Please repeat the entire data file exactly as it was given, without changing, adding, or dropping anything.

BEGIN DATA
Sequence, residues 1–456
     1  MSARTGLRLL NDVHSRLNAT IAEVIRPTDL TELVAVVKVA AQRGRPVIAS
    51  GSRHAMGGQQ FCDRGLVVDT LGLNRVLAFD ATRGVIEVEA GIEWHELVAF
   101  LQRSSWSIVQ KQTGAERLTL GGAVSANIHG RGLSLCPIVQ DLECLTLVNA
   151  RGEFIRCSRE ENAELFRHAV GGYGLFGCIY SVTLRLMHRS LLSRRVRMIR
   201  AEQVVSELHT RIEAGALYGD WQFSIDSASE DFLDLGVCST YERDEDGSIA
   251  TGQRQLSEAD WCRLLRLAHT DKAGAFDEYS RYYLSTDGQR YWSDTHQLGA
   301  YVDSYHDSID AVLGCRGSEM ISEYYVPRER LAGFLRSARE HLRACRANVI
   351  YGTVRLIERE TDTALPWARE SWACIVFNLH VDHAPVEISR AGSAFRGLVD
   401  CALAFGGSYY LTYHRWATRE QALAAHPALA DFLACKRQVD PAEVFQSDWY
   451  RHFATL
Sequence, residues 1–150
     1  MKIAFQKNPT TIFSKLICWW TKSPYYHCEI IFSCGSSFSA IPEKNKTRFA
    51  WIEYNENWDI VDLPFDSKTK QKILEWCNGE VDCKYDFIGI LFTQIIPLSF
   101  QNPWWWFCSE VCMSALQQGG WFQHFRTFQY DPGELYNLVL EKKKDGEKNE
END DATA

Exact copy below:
Sequence, residues 1–456
     1  MSARTGLRLL NDVHSRLNAT IAEVIRPTDL TELVAVVKVA AQRGRPVIAS
    51  GSRHAMGGQQ FCDRGLVVDT LGLNRVLAFD ATRGVIEVEA GIEWHELVAF
   101  LQRSSWSIVQ KQTGAERLTL GGAVSANIHG RGLSLCPIVQ DLECLTLVNA
   151  RGEFIRCSRE ENAELFRHAV GGYGLFGCIY SVTLRLMHRS LLSRRVRMIR
   201  AEQVVSELHT RIEAGALYGD WQFSIDSASE DFLDLGVCST YERDEDGSIA
   251  TGQRQLSEAD WCRLLRLAHT DKAGAFDEYS RYYLSTDGQR YWSDTHQLGA
   301  YVDSYHDSID AVLGCRGSEM ISEYYVPRER LAGFLRSARE HLRACRANVI
   351  YGTVRLIERE TDTALPWARE SWACIVFNLH VDHAPVEISR AGSAFRGLVD
   401  CALAFGGSYY LTYHRWATRE QALAAHPALA DFLACKRQVD PAEVFQSDWY
   451  RHFATL
Sequence, residues 1–150
     1  MKIAFQKNPT TIFSKLICWW TKSPYYHCEI IFSCGSSFSA IPEKNKTRFA
    51  WIEYNENWDI VDLPFDSKTK QKILEWCNGE VDCKYDFIGI LFTQIIPLSF
   101  QNPWWWFCSE VCMSALQQGG WFQHFRTFQY DPGELYNLVL EKKKDGEKNE